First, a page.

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SEC blasted over lack of clarity by crypto executives

Image Commercially Licensed
Image Commercially Licensed

SEC – Multiple executives from crypto companies have expressed their frustration with the US government following the latest developments in the crypto space.

Many have blasted them for a lack of clarity with the industry’s rules.

However, a primary focus of the crypto community’s rage lies in the Securities and Exchange Commission due to its aggressive actions against crypto firms.

US & crypto

While other countries have become more accepting of cryptocurrency, the United States is a few steps behind.

The country has yet to develop a comprehensive set of regulations allowing cryptocurrency and blockchains firms to operate without the fear of regulators targeting them.

Since the collapse of crypto exchange FTX in 2022, the US SEC took the initiative to ramp up enforcement actions against companies.

The clash

On Wednesday, the SEC sent Coinbase, one of the top crypto exchanges in the space, a Wells notice.

It warned the company that it found potential violations of US securities law.

Additionally, the SEC unveiled fraud and unregistered securities charges against crypto entrepreneur Justin Sun and celebrities who endorsed digital coins he was endorsing.

Currently, the SEC is in a legal clash with several other crypto companies, including Gemini, Genesis, and Ripple.


“It feels uncollaborative,” said an anonymous crypto executive over the Paris Blockchain Week event.

“It’s very frustrating for players that have been doing right the whole time.”

Meanwhile, ConsenSys CEO and Ethereum co-founder Joe Lubin said he thought the ecosystem was frustrated.

“I think we’re sort of continuing to watch the SEC play this game of punishing the people that are still surviving,” said president Nicolas Cary.

“And it’s a little bit, you know, sort of frustrating thing to observe.”

Most of SEC’s actions involve the application of current regulations to the crypto industry decades after the Howey Test.

The Howey Test is a key test to determine if something is a security or not.

However, many in the crypto industry feel it isn’t the right way to go.

“Where I think you have less successful regulatory regimes is when you try to analyze crypto through the lens of traditional finance,” said Oliver Linch, the CEO of Bittrex Global.

“You say, ‘Well, is it a bit like a security? Is it a commodity?’ No, it’s kind of none of those things. It’s crypto.”

Read also: SEC actions against Coinbase spur reaction from crypto community

Clarity & sympathy

The Paris Blockchain Week is one of the most prominent crypto events in Europe, where the actions of the SEC was one of the hottest topics among attendees.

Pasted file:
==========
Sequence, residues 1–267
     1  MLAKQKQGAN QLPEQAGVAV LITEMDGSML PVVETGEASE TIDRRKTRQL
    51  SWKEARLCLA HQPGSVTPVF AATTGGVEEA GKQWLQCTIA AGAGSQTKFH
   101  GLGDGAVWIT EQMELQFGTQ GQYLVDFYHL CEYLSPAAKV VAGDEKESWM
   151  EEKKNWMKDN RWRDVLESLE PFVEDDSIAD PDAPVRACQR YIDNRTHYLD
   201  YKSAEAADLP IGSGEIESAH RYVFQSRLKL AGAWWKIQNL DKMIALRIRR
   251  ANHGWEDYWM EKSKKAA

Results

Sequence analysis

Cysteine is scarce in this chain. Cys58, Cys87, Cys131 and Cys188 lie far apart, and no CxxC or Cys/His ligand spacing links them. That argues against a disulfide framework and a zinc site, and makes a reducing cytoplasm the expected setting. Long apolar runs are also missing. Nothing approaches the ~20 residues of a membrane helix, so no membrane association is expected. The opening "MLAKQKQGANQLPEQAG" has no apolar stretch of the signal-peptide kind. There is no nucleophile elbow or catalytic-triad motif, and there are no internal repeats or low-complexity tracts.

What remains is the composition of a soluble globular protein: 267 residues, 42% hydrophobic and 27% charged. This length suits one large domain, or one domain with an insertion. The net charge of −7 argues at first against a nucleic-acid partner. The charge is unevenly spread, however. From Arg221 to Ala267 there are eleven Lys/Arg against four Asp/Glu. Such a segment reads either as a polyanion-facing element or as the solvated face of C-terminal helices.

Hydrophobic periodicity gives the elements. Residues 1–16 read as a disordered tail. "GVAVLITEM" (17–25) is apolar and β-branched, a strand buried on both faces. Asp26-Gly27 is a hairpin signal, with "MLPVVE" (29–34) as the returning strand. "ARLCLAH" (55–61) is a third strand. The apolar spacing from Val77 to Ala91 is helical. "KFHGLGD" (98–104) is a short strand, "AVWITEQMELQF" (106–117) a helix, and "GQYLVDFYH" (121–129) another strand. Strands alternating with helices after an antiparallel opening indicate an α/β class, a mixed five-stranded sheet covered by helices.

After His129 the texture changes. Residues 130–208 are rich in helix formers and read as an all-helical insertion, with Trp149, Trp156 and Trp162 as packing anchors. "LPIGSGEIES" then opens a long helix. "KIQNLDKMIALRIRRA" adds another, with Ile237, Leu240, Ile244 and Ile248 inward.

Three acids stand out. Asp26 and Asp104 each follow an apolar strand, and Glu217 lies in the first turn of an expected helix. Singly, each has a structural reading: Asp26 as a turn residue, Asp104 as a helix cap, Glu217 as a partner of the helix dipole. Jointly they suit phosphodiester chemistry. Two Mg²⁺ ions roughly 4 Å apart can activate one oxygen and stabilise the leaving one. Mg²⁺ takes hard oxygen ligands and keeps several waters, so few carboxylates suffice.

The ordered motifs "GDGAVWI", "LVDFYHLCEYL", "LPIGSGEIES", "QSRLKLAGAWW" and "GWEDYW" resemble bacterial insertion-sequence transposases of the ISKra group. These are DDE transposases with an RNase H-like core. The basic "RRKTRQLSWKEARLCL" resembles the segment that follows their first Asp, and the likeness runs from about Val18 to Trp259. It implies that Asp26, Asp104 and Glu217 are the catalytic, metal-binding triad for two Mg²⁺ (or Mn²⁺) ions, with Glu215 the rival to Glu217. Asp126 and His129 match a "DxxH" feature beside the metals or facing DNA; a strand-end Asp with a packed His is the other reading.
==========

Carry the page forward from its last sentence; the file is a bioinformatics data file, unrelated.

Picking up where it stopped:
Several executives requested the US regulators for clarity.

“We’d love to have a little more clarity in regulation,” said Silvio Micali, the founder of blockchain company Algorand.

However, others were more sympathetic with SEC.

They suggested that the watchdog is operating along the existing rules, and that the US government has the power to change them.

“What are they supposed to do? If all you’re given is a hammer, the whole world looks like a nail,” said Linch.

Meanwhile, Cary noted that the SEC is only doing their job to protect consumers.


This month, SEC Chair Gary Gensler talked about the points in an opinion piece on The Hill, suggesting the regulator was clear on the rules.

“I find the talking point that there’s a lack of clarity in the securities laws unpersuasive,” he said.

“Some crypto companies might message that the laws are unclearer rather than admitting that their platforms don’t have sufficient investor protection.”

Gensler also cited examples of crypto firms falling under existing securities laws, including instances when companies offer lending products.

Additionally, he said crypto intermediaries aren’t lining up to register with the SEC and comply with the Congress’s laws.

Furthermore, the SEC chair said enforcement actions are another tool from the regulator’s toolbox to weed out noncompliance.

Falling behind

Executives warned that the lack of proper regulation in the United States could lead to the country falling behind others and jurisdictions.

“It’s incumbent, I think, on Congress to actually create a legal regulatory framework that regulates crypto properly, because… crypto is here to stay,” said Linch.

Governments worldwide are weighing up on how they could regulate cryptocurrency.

Dubai and Switzerland have endorsed themselves as crypto-friendly destinations with advantageous regulation.

Meanwhile, the European Union is slated to introduce the Markets in Crypto-Assets or MiCA regulation in 2023.

It is designed to bring rules in and around digital currency companies.

Monica Long, the president of Ripple, believes the US could fall behind other jurisdictions in the crypto economy.

“Europe is really emerging as a leader in terms of setting really clear regulations and rules that allow crypto companies and also traditional finance to embrace crypto,” said Long.